Fujifilm’s 23mm f1.4 will render an equivalent of 35mm on Fujifilm’s APS-C X series cameras. As one of the classic focal lengths, this has been a lens that photographers have been asking for for a while. The lens features a minimum focusing distance of around 11 inches, 11 lens elements in 8 groups, an all metal build, a snap-back style focusing ring that lets you toggle between autofocus and manual focus, and overall just some seriously beautiful image quality. And there is very little to complain about with this lens.
Justifying the purchase of $899 to yourself though, will be one of the toughest things to do.
Now this is something that we didn’t see coming. While roaming the floors of the Photo Plus Expo 2013, we came across the Sakar/Vivitar/Polaroid booth–those are the people that bought the rights to put the Kodak brand on new photographic items. Perusing through the neatly lined-up items at their stand, three tiny lenses hidden in a corner caught our glimpse. Upon closer inspection, not only did we notice a Kodak branding, but also some intriguing specifications. We were looking at a 25mm f0.95 lens, a 50mm f1.1 lens as well as an 8mm f3 fisheye lens, all three for the Micro Four Thirds mount. We were quite surprised, to say the least.
Upon popular request, SLR Magic has decided to redesign the exterior of their HyperPrime CINE 12mm T1.6 lens for Micro Four Thirds, adding fixed gears around the focus and aperture rings (the previous CINE version of the lens had optional gears.) This way, the lens can be easily used with a follow-focus system in videography applications. For still photography, the added gears provide extra grip when operating the focus and aperture rings. Existing users of the HyperPrime 12mm f1.6 (non-CINE version) can have their lens upgraded to the current version with gears for US-$ 250.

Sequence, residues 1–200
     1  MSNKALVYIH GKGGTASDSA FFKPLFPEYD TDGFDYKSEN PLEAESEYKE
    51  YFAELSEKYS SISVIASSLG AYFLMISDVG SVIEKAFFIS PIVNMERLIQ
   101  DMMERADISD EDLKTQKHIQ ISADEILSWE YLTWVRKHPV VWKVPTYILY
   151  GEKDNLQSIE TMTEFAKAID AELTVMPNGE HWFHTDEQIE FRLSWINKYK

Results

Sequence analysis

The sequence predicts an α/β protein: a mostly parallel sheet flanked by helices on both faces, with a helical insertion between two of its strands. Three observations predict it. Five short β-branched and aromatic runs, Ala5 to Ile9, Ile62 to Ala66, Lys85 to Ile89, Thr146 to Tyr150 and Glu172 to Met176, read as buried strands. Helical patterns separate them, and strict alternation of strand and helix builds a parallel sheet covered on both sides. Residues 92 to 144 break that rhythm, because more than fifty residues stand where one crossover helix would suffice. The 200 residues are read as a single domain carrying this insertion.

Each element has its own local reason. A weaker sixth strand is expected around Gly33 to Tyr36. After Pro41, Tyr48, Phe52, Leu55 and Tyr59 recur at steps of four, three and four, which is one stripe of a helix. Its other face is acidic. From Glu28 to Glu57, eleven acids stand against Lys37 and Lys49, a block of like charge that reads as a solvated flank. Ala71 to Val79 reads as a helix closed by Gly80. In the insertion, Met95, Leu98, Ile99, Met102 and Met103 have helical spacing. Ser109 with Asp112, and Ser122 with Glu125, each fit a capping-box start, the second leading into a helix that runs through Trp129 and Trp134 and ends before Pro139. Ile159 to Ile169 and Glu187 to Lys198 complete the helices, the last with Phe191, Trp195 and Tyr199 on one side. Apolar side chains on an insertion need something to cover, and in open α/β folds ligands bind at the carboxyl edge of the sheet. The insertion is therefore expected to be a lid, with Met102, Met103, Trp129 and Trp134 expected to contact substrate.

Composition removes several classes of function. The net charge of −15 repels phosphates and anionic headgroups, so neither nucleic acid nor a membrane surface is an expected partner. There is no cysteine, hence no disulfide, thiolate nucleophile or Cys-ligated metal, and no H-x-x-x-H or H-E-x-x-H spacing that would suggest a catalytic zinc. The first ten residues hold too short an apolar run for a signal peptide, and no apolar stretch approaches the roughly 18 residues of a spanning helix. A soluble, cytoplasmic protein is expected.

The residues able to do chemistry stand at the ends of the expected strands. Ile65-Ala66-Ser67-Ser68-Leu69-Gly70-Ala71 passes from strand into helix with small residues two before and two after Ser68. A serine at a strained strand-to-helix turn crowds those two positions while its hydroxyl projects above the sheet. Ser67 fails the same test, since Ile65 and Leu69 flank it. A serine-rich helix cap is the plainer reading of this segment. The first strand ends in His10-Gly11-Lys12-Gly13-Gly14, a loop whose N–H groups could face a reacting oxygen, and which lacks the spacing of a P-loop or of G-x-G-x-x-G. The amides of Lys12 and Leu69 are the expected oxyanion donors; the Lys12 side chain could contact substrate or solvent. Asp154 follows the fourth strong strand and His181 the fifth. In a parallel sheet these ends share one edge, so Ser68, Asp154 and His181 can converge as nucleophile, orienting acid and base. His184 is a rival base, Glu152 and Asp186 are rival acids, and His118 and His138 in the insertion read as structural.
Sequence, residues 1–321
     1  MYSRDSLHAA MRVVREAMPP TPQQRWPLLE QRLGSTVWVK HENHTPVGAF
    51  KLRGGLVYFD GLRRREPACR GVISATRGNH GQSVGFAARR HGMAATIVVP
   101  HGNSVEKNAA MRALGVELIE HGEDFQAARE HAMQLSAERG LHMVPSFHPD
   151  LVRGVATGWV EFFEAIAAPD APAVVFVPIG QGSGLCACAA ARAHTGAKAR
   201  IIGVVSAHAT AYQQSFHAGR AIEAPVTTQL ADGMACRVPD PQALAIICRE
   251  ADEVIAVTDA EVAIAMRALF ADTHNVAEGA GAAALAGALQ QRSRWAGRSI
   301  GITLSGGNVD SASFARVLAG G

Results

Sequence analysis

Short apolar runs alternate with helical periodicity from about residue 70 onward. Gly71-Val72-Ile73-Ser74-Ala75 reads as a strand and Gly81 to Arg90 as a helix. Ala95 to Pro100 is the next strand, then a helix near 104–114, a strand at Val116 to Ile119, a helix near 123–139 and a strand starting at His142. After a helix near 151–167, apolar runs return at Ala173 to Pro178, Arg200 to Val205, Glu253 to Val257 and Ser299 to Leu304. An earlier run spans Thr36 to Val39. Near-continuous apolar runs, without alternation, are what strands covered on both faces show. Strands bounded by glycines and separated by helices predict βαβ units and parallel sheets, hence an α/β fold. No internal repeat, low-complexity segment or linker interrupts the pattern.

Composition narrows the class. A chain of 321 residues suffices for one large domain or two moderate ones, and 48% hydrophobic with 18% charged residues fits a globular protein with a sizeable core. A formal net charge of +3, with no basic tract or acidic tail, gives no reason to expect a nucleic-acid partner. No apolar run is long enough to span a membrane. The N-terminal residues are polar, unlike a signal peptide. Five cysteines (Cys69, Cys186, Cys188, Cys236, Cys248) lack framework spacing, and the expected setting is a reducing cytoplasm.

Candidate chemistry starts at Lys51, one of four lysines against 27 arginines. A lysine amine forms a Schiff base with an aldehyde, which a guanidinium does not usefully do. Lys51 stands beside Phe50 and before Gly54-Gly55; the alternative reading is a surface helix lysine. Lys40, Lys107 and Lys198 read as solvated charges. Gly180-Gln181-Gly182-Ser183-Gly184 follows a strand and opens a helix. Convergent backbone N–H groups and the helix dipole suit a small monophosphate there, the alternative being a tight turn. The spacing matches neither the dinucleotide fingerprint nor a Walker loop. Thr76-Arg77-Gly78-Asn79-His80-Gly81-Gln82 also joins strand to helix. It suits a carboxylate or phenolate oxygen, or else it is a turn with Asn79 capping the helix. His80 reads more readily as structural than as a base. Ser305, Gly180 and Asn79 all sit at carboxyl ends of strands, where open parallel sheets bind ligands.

Our review of the original SLR Magic HyperPrime 12mm f1.6 for Micro Four Thirds can be found here.
There are some lenses that we dream of, and then there are lenses that we seriously wish that we were truly worth of. In a world dominated by autofocus lenses, some manual focus glass takes a step back to the modern convenience of phase and contrast detection. But there are still lenses that are not only worth their weight in gold, but worth attaching to your camera and gluing on forever.
These lenses range from the affordable to the pricey–and many tend to drool just a bit too much on their pillows at night when these lenses come to mind.
Here’s our round up of five manual focus lenses that will be the apple of your eye.
Just recently we showed you some sample footage taken with one of the first prototypes of SLR Magic’s upcoming 1.33x anamorphic adapter. Well, it seems that Letus, a company that mainly produces videography accessories, is aiming at the exact same market niche right now. According to No Film School, the company is about to introduce their own 1.33x anamorphic adapter, and we might be seeing it very soon. Clinton Harn mentions some of the (preliminary) tech specs on his blog.
It’s been a while since we last heard about SLR Magic’s anamorphic adapter for Micro Four Thirds, and now some video footage taken with a prototype version has emerged. The introspective short film takes place on the busy streets of Hong Kong’s most crowded neighborhood, Mong Kok. The footage was taken with a Panasonic GH2 camera at ISO 1600, and an SLR Magic 35mm T1.4 lens attached to the 1.33x ratio anamorphic adapter prototype. So far, the optics of the adapter are uncoated, thus the flare is extremely crazy in the sample footage. SLR Magic is still working on the coating.
As far as we can judge from the video, the image quality looks very promising. This is a pretty exciting development, and we can’t wait to see footage taken with the final production version of the adapter. The video is after the break.